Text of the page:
3.1. Expression of Osa-miR169 and Its Respective Target NF-Y Is Influenced by Light Duration

To understand the influence of light, PB1 seedlings were grown at 28˚C ± 2˚C and 14/10 h photoperiod for two weeks and then transferred to continuous darkness (CD) or continuous light (CL). The expression patterns of osa-miR169 were checked in leaves of these seedlings after 24 h and 48 h of change in photoperiod. The normalized expression values were calculated with respect to internal controls and fold change in expression in CL and CD was plotted. The results showed that the overall expression of osa-miR169 decreased under both CL and CD relative to the control; however, the decrease was greater under CD (Figure 1(a)). At 24 h CD (CD1), a decrease in osa-miR169 expression up to 8-folds was observed and the levels increased at 48 h (CD2). While under CL for 24 h (CL1), osa-miR169 expression reduced by half (~5-folds) and at CL for 48 h (CL2), a slight increase was observed in the expression of osa-miR169.

The expression of its target, NF-Y was also lowered as compared to the controls, although an inverse correlation between miR169 and NF-Y relative levels could be captured for both CD and CL conditions separately (Figure 1(b)). Its expression levels in CD1 and CL1 were higher than their corresponding counterparts at 48 h time point. This indicates that the photo-signal may regulate NF-Y levels at early time points through the miR pathway.

The involvement of miR169 in photo-signaling has been indicated by earlier studies as well. It was shown that five members of the osa-miR169 family were up-regulated in phyB mutant, suggesting their regulations by the phytochrome [19]. The miR169 family was also regulated by exposure to UV-B radiation in Arabidopsis thaliana, Populus tremula and Triticum aestivum [38] [39]. Several reports also have indicated the role of NF-Y family, in light-mediated gene regulation. In Arabidopsis, NF-YA5 regulates the chlorophyll a/b binding protein

Figure 1. The relative fold change expression in leaves of seedlings exposed to continuous light (CL1 = 24 h, CL2 = 48 h) and continuous darkness (CD1 = 24 h, CD2 = 48 h) of (a) osa-miR169 (b) nuclear transcription factor Y (LOC_Os07g06470). The expression was also analyzed in leaves of seedlings exposed to 33˚C, 38˚C and 43˚C temperature for 24 h, 48 h and 72 h duration for (c) osa-miR169 (d) nuclear transcription factor Y (LOC_Os07g06470). The normalized expression values were calculated with respect to 18S and fold change in expression was plotted. Control (c) was tissues obtained from unstressed plant grown at 28˚C ± 2˚C and 14/10 h photoperiod. Expression levels in each case were detected by qRT-PCR (n = 3; means ± SDS). Asterisks indicate a significant difference of test conditions from their respective control samples (*p < 0.05; one-way ANOVA test).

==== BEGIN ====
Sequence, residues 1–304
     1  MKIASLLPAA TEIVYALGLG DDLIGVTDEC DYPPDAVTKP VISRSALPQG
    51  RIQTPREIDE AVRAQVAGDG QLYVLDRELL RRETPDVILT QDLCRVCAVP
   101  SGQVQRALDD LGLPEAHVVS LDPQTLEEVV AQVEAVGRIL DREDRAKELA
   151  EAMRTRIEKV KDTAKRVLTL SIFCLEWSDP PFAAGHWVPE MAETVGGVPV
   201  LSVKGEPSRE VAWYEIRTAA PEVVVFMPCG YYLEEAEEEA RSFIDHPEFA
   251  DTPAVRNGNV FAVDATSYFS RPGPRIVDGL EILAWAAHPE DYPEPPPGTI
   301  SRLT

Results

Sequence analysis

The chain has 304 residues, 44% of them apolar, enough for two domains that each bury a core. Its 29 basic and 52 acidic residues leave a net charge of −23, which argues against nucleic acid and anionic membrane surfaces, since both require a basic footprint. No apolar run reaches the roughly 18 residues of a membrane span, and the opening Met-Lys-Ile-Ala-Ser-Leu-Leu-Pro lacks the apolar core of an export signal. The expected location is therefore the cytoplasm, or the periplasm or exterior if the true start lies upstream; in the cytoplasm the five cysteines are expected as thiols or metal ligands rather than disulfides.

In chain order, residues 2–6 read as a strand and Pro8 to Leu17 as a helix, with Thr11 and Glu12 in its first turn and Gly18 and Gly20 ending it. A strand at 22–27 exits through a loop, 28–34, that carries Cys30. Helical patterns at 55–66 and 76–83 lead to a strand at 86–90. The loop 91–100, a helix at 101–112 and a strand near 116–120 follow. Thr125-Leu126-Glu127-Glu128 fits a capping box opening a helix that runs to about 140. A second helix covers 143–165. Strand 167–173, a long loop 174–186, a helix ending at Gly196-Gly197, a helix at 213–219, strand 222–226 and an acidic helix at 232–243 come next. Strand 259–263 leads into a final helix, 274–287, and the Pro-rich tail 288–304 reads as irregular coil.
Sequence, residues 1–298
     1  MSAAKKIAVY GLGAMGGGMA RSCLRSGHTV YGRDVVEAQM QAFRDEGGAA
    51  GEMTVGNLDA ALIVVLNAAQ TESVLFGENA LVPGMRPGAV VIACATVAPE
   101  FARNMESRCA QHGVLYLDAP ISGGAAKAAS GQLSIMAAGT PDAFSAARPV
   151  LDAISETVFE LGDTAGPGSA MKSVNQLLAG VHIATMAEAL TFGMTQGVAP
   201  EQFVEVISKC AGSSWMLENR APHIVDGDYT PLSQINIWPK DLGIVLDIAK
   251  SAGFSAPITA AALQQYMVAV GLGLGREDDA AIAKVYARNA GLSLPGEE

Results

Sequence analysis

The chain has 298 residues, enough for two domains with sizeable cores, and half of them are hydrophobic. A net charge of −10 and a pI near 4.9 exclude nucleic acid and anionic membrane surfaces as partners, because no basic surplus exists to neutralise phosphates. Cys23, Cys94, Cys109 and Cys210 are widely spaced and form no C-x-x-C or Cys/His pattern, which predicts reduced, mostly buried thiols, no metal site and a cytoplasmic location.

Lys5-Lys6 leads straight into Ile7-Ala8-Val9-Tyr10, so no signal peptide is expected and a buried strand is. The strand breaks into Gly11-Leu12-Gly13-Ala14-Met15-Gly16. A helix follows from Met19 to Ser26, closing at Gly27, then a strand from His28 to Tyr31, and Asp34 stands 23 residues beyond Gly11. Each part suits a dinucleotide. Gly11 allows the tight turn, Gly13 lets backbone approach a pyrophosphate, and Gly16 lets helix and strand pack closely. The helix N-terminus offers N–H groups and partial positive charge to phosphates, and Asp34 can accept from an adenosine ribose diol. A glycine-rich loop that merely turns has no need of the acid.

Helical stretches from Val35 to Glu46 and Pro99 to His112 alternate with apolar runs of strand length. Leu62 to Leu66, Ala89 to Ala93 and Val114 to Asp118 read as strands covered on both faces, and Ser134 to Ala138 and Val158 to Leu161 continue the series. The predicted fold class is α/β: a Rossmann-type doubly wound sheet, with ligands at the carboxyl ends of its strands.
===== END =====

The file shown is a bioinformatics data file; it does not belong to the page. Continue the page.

expression in response to blue light [31]. A study conducted on Spinacia oleracea suggested that the binding of NF-Y complex at the promoter of the downstream signaling genes is controlled by the photo-signal [31]. The RNAi based knocking down of NF-YB2 in rice leads to reduced chlorophyll content in leaves and chloroplast degeneration. The constitutive over-expression of Ta-NF-YB3 in transgenic wheat lines also suggested its role in photosynthesis and early plant growth [40].

3.2. High Temperature Effects the Expression of Osa-miR169 and Its Targets NF-Y

To follow the effect of HS on osa-miR169 expression, PB1 seedlings were exposed to temperatures that were 5˚C (33˚C), 10˚C (38˚C) and 15˚C (43˚C) degree above normal. At each temperature the exposure time ranged to 24 h, 48 h and 72 h. The data for expression profiles of osa-miR169 is provided in Figure 1(c). It was observed that the expression increased with increasing HS; with 43˚C, 72 h having >20 folds higher relative expression in comparison to control. This indicates that osa-miR169 expression in PB1 is induced by increasing temperatures.

The dynamically regulated target, NF-Y showed a decreased expression at 33˚C and 38˚C of HS when compared with the control (Figure 1(d)), but increase in target expression was seen at 43˚C, 72 h (~2-folds). The anti-correlation of miR169: NF-Y node at 43˚C indicates that target expression may be under miR regulation at early time points of moderate stress. At higher intensities of HS, other factors may come into play thereby masking the effect of miR regulation. Moreover, NF-Y and osa-miR169 being large families may show varied expression with time in a tissue-specific manner. So, single-cell gene expression analysis will be helpful to fully appreciate the influence of changing target expression with respect to the various miR family member expressions.

3.3. High Temperature Priming under Light Modulates the Expression of Osa-miR169 and Its Target NF-Y

Priming or a short pre-exposure to stress is emerging as a natural mechanism to enhance the tolerance of crop plants to HS [3] [8]. The phenomenon is based on the plants’ ability to retain stress memory that relates to better adaptability. There has been growing interest to unravel the interactive loops between light and temperature which most recently has been extended to establishing the role of light as an essential signal in the process of a strongly acquired thermo-tolerance response in potato [41].